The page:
Standing in Grand Central Terminal wearing civilian clothes was Samuel J. Battle, a 28-year-old, 6-foot-3, nearly 300-pound Black man from North Carolina. He was there to give the stationmaster his resignation from the famous Red Caps, an African American workforce that hauled passenger bags and provided services for long-distance railroad travel. By then, word had spread about the first Black patrolman appointed to the New York Police Department, and from the Red Caps to the passengers, the hurried masses moving through the station stopped to stare.
It was the summer of 1911, and the boisterous personality accustomed to receiving tips from the most famous celebrities of the era was ready for a change. Battle had carried the bags of Black heavyweight boxing champion Jack Johnson; he had greeted and conversed with President Teddy Roosevelt; he’d eaten Italian food and accepted opera tickets from tenor Enrico Caruso; and he’d even appeared in a Broadway musical.
Before he reported to a 30-day training school alongside other rookies of the police department, NYPD Commissioner Rhinelander Waldo warned him, “You will have some difficulties but I know you will overcome them.”
He had nearly not been allowed to join the force after a surgeon for the NYPD falsified a report indicating he had a heart murmur and declaring him unfit for duty. It was a glaring attempt to prevent an African American from joining the ranks. But Battle went the extra mile by going to a prominent white physician whose report ultimately reached high-level government and police officials, in large part as a result of pressure from the prominent Black newspaper The New York Age.
“The New York Age, with the push and energy so characteristic of this wonderful paper, took up Battle’s cause and practically forced the mayor and police chief to give not only Battle but the entire race justice,” wrote The Chicago Defender, as reprinted in The New York Age in July 1911. “We congratulate The Age and can only add it is one more proof of what influence a great paper has on the public.”
On his first day at the 28th Precinct on West 68th Street in the San Juan Hill area, his fellow patrolmen gave Battle the silent treatment, which would go on for two years. They also moved his bed to the third floor in an area referred to as the flag loft, where they stored the American flag.
These efforts were meant to drive him out of the police force, but their attempts did the opposite. “On the street, tour buses would come to see him,” said Arthur Browne, the author of One Righteous Man: Samuel Battle and the Shattering of the Color Line in New York. “People would pay money to come by and have the tour guide say, ‘Look, there’s the colored cop.’ So he endured that for a whole number of years, never complaining about it, never attacking them publicly, and every day in every way proving he was a better cop than they were.”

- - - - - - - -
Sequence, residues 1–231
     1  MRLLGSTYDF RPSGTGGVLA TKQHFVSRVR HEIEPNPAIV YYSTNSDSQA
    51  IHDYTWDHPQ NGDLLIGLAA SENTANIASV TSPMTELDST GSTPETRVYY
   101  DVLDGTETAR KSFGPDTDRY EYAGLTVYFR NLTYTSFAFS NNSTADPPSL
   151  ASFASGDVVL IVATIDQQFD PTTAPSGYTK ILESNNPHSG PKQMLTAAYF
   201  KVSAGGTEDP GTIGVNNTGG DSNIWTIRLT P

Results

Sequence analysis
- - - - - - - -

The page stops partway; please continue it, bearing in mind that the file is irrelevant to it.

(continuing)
Samuel Battle was a trailblazer and pioneer throughout his 40-year career with the NYPD, accomplishing historic milestones such as becoming the first Black sergeant in 1926, the first Black lieutenant in 1935, and the first Black parole commissioner in 1941. He saved the life of a white cop who was beaten by an angry mob of Black teenagers, he headed one of the NYPD’s first SWAT teams, and he helped the mayor calm Black riots in 1935 and 1943.
He also served as a mentor for young men within Harlem’s Black community. His righteousness and leadership helped motivate Wesley Williams — one of the FDNY’s first Black firefighters — to fight for change in the city’s fire department. And through his guidance, he helped Sugar Ray Robinson, then a troubled youth and junior in high school, stay on the straight and narrow to focus on boxing rather than the streets.
“[Sugar Ray] Robinson has been and still is a sort of protégé of mine,” Battle later told Langston Hughes. “I have been close to him through the years as he rose to the championship, having been at one time champion of two classes at once.”
Believing that his story was important to pass down, Battle hired Hughes, the poet and leader of the Harlem Renaissance, to write his autobiography. Battle even received a foreword from first lady Eleanor Roosevelt after she read Hughes’ manuscript.
“This is a record of a man’s life and as he tells it you not only see one life but you see the struggles and the victories and the defeats of a whole group of U.S. citizens,” she wrote. “What courage it took, what remarkable stamina to be the first Colored policeman in New York City: There were qualities of mind and heart and body that were purely personal but above everything else there was the realization that he was fighting not for himself alone but for his people.”
The book, however, was never published. And his story was largely forgotten. In 2009, 43 years after his death, the intersection of West 135th Street and Lenox Avenue became known as Samuel J. Battle Plaza in homage to the police officer who helped integrate the NYPD.